Expanding CGM Access
By Arvind Sommi
Access to continuous glucose monitors (CGM) can be severely limited. Tamara Oser, a researcher at the University of Colorado, launched PREPARE 4 CGM, a project to implement the devices into primary care practices in Colorado.
While endocrinologists are usually well-versed in CGM usage and the importance of TIR goals, 90% of people with type 2 diabetes and 50% of people with type 1 diabetes are treated at primary care practices, and many primary care providers may not be familiar with CGMs. The PREPARE 4 CGM initiative seeks to address this problem by piloting strategies to implement CGMs in various primary care practices in Colorado.
Why CGMs Belong in Primary Care Practices
“CGM is probably coming for everybody with diabetes,” said Tamara Oser, director of the Primary Care Diabetes Lab at the University of Colorado and research leader for PREPARE 4 CGM. Her goal is to reach beyond academic medical centers and endocrinologists and into primary care settings, where most people receive their diabetes care.
“Your access to diabetes technologies that are evidence-based shouldn’t be determined by your zip code or social determinants of health,” she said.
Once a primary care practice is enrolled in the PREPARE 4 CGM study, it is assigned to one of two groups. In one, family medicine doctors are provided with a self-guided toolkit with training modules to prepare them for CGM initiation and management. Topics include patient selection, shared decision-making, and how they can get reimbursed for prescribing CGM. In the other group, doctors will receive the CGM toolkit and a facilitator to help the medical team implement CGM technology and ensure its sustainability.
Insurance Coverage and Language Hurdles: The Biggest Barriers to CGM Access
One of the most significant barriers to CGM access is navigating insurance. Oser suggested that one solution is to start with professional CGM, which is more frequently covered by insurance plans, so that people with diabetes can be better engaged with their blood glucose levels while the provider works with insurers to meet coverage requirements. The toolkit included in PREPARE 4 CGM contains resources on how providers can navigate various insurance systems.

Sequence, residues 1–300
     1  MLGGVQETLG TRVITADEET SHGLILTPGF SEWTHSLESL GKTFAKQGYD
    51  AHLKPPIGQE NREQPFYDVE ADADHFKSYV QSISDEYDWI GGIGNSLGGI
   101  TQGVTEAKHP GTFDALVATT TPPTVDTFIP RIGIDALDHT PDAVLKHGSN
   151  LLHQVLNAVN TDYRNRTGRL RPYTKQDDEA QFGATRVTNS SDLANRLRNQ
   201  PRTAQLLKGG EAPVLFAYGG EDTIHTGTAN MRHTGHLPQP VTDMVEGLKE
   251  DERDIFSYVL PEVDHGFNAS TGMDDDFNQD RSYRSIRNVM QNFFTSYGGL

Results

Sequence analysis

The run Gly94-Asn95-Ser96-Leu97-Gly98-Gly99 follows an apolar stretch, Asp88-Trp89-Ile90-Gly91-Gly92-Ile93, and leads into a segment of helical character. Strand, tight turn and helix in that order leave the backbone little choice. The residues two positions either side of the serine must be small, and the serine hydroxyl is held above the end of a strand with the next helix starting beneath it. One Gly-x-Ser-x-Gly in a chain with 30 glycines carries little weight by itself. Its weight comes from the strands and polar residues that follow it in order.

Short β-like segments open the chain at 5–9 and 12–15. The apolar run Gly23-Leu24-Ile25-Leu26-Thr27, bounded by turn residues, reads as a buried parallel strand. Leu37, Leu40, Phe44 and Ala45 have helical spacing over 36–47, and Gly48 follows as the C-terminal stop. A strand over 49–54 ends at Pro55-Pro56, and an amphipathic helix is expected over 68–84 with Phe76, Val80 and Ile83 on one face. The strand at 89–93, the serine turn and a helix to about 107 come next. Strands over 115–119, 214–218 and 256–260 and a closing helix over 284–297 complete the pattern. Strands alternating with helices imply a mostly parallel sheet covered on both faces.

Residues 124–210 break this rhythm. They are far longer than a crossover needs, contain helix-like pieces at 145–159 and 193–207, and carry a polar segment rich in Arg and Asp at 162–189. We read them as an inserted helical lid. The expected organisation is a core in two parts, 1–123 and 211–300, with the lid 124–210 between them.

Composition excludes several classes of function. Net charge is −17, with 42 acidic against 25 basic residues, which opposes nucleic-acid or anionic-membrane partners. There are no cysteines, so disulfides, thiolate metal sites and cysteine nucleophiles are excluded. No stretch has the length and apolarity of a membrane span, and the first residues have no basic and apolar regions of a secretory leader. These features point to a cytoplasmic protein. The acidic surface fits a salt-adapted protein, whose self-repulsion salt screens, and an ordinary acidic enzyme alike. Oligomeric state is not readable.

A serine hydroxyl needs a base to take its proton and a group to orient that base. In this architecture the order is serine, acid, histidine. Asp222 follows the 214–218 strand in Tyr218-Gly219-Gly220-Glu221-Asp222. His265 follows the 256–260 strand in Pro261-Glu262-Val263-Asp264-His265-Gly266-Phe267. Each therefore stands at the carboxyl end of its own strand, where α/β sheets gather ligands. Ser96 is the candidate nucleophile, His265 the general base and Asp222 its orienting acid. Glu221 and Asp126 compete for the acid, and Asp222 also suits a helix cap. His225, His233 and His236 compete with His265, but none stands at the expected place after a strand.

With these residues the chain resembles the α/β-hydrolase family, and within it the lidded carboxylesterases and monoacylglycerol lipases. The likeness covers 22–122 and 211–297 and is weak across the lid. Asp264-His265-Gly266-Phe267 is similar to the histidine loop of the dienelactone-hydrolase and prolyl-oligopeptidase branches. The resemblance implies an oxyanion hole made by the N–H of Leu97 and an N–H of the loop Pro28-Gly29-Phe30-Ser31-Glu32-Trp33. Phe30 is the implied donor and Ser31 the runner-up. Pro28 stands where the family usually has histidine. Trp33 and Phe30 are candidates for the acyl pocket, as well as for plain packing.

While Oser’s initiative includes primary care practices in rural areas and regions with Spanish-speaking populations, she encourages providers not to think of language as a barrier.
“We as providers have a lot of implicit bias, but when we go into thinking about a population as a whole having barriers to CGM, that is really dangerous,” she said. (While Oser does not speak Spanish herself, with the help of an interpreter, she has successfully onboarded many Spanish-speaking people with diabetes.)
Rather than generalize about certain populations, Oser recommends healthcare providers problem-solve at an individual level. She emphasizes that people with diabetes should be mindful about advocating for themselves by not letting their providers make assumptions about them and switching providers if someone else can provide better help.
PREPARE 4 CGM: Early Results and Expansion Plans
Initial response to the initiative has been overwhelmingly positive. “We have never, in the history of the department, had a project that recruited this fast,” Oser said, noting that while most primary care providers are now aware of CGMs, partly because of the many advertisements, only about 38% are currently prescribing them. She hopes to expand PREPARE 4 CGM nationally and recruit practices from other states.
“As we continue to educate primary care, we are going to see those numbers go up,” she added, emphasizing how specific metrics such as TIR have helped her patients, “Time in range is so much more actionable and relevant for people with diabetes and their providers. Even if your overall time in range wasn’t within target, you still have some bright spots on your ambulatory glucose profile.”
PREPARE 4 CGM is open to primary care medical practices in the Colorado area. If you live in Colorado, please consider sharing this information with your primary care physician.
To learn more about access to continuous glucose monitors and time in range: